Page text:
I couldn’t see the point anymore. Everyone had their lives to live, and I was stuck in my life, a life that seemed pointless and filled with endless days of pain. I wanted out of life because as far as I could see, no one cared if I was alive or dead. My home was broken as my father had left us and my mother was locked in the turmoil of watching a 22-year marriage dissolve. A dear friend, someone I had dated, had passed away in a tragic accident. Nothing would bring her back, and nothing was going to put my family back together. As I looked around at what was supposed to be the highlight of my life, my senior year, everything was in ruins. There was no sanctuary. There was no hope. If I were gone, the pain would be relieved, and no one outside of my family would even notice I was no longer alive. After time, they, too, would move on with their lives; and it would be as if I never had existed.

Sixteen years ago, that was me. My drab look at life pushed me to the point of suicide. As I planned how I would end the pain, I made sure I made peace with God, praying about the sins I knew I had in my life, hoping God would forgive me for ending my life prematurely. I picked up a razor blade and took the first cut. I was not simply talking about it or thinking about it anymore…I was going to die now. Another cut followed by a third…time was expiring on a life left unfulfilled. In a short time, with a little more pain, it would all be over and I could step on to the other side, away from the horrors of this life.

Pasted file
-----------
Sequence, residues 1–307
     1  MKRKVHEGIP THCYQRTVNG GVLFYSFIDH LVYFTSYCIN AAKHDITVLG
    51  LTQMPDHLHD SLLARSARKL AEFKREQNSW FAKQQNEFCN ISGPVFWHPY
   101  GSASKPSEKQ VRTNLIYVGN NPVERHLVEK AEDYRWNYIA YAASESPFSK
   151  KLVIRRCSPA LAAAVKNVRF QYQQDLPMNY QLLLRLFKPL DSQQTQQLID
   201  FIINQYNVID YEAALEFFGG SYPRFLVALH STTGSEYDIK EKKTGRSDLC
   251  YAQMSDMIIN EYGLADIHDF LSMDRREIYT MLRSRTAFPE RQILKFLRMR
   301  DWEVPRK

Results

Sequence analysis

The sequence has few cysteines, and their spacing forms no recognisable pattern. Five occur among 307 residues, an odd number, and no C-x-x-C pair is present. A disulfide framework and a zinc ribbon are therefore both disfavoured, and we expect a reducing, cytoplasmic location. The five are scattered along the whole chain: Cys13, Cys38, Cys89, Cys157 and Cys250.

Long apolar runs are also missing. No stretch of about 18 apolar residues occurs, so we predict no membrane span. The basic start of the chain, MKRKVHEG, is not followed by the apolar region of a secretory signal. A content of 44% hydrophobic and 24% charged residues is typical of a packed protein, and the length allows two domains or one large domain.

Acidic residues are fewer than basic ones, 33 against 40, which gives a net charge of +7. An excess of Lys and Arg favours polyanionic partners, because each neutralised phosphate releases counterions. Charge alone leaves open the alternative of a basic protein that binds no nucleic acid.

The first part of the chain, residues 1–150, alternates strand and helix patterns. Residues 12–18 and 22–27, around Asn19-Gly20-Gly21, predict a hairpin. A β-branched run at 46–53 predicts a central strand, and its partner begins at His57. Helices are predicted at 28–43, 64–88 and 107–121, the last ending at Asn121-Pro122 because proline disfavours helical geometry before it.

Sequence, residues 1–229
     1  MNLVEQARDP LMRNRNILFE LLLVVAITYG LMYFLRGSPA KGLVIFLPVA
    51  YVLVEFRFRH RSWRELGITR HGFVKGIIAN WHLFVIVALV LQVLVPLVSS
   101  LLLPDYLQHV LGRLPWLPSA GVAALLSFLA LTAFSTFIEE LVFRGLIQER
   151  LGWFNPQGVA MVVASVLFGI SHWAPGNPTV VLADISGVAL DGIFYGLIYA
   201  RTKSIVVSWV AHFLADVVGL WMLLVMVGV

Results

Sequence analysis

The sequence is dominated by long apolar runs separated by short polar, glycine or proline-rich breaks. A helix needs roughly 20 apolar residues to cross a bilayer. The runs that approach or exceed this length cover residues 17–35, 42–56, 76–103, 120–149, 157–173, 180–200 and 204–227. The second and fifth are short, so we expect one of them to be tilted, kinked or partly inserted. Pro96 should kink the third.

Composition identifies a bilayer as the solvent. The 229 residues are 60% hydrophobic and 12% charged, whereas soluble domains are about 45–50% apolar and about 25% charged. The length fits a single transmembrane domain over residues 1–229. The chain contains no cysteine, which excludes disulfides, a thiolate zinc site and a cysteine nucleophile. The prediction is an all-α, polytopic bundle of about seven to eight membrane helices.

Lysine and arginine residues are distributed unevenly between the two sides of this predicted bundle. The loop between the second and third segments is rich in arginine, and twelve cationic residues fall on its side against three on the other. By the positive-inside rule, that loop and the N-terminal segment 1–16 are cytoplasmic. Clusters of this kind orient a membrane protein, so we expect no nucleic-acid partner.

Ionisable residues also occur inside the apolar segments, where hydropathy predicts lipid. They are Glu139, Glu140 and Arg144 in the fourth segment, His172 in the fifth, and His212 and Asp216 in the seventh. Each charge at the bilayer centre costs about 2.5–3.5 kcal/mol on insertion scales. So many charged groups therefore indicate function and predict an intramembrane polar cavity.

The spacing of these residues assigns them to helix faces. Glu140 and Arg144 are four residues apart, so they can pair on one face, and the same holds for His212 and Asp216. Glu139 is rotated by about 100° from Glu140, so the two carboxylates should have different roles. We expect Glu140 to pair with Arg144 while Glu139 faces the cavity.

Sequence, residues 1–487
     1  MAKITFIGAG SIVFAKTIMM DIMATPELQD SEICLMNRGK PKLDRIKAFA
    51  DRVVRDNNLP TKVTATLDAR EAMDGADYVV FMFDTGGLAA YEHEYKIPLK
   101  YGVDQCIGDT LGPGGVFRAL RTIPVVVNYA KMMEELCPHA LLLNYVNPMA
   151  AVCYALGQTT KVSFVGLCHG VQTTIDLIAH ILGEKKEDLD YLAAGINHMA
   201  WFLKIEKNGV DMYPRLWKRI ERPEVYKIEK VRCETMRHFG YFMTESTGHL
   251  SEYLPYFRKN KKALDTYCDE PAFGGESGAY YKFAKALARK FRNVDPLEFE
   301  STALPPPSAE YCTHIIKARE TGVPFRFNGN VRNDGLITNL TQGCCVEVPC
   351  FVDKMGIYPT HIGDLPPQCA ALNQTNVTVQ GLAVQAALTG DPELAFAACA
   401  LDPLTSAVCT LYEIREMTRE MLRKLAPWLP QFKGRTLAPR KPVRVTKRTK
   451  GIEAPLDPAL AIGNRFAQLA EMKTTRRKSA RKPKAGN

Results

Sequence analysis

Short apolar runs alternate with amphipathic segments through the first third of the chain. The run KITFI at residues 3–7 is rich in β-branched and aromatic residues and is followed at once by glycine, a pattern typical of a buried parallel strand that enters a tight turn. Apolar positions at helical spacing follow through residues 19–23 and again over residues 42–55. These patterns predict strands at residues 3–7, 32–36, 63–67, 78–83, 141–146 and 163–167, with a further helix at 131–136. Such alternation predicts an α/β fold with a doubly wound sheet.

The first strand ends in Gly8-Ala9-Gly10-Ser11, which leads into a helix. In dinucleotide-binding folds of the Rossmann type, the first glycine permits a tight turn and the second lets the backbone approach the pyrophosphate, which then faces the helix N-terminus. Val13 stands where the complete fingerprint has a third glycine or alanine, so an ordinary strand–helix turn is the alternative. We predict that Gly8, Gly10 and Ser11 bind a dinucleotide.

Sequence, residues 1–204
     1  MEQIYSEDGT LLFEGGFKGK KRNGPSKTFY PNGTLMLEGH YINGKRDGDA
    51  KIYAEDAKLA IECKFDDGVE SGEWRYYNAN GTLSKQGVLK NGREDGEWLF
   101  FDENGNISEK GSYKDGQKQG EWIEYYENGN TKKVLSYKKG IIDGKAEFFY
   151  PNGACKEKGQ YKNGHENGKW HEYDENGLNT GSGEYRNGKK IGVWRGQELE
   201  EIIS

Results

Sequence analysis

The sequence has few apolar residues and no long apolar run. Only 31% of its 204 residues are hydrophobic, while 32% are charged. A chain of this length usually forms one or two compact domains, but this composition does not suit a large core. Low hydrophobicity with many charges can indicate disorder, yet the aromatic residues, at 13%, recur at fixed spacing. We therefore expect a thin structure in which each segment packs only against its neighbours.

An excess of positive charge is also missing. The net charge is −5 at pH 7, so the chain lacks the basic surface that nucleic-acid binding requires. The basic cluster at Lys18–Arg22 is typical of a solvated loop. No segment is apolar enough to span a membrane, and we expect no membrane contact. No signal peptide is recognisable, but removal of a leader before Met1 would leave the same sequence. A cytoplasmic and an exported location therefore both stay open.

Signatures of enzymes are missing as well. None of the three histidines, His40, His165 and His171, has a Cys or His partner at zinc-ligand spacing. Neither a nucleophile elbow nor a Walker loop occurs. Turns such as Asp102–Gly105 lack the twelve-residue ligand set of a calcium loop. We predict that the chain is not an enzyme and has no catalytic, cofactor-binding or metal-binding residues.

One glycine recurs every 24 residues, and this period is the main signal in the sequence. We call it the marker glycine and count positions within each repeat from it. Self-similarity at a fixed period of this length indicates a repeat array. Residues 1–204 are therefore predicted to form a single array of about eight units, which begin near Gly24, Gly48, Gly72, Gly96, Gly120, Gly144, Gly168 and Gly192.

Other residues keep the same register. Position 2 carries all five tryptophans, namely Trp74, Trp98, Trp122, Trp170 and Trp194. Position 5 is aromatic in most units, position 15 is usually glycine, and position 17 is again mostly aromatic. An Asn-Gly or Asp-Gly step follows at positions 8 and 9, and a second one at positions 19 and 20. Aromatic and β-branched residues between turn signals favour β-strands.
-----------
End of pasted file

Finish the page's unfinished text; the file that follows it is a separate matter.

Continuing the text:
God spared my life. At school the next day, the cuts bled through and one of my classmates saw it. Immediately, there was concern. Before long, my mother was contacted and people from all areas of my life were talking with me about my significance in their lives and my significance in the eyes of God. I was clouded mentally as to whether people were saying these things to be nice or if it was heart-felt. As time went on though, I could tell how they meant it by their actions; and as they helped me develop a deeper relationship with Jesus, I found He meant what He said.

I am a youth pastor.  I have served as a youth pastor for more than 11 years. If there is one topic we tend to overlook as we serve the students, it is the truth of the worth that each one of those students hold in our lives and especially in the eyes of the Creator of the universe. In today’s world, students are bombarded with pain in a variety of ways, and often they feel like that 18-year-old student who didn’t see a point in living anymore. As we seek to be Christlike in our ministries, we have to remember how Christ instilled a sense of value into all those He interacted with on a daily basis.

A passage that God calls me back to continuously is Mark 1:40-45. As Jesus is approached by a man with leprosy, He healed the man. The significance in this healing comes in verse 41 where Mark writes, “Moved with compassion, Jesus reached out His hand and touched him.” Christ had the ability to heal the man without touching him, without saying a word. Christ reached out and touched the man, showing that he was more than the disease. He instilled value into this life with a simple touch as no one would even get near someone with leprosy. People afflicted with leprosy were driven outside the city. They were outcasts, separated from friends and family. Christ touched him, instilling that he was of great value, showing him that he mattered to Christ.

Are we telling students that they matter? Are we sure they know God has something planned for their lives, or are we blind to the fact that any one of our students could be convinced that he or she is useless? We need to touch their lives with the Word of God, instilling hope and the truth of their value everyday. If we choose not to do this, they may be in the same place where I was that night of my senior year, not looking at what could be, but hoping to dictate what wouldn’t ever be again.

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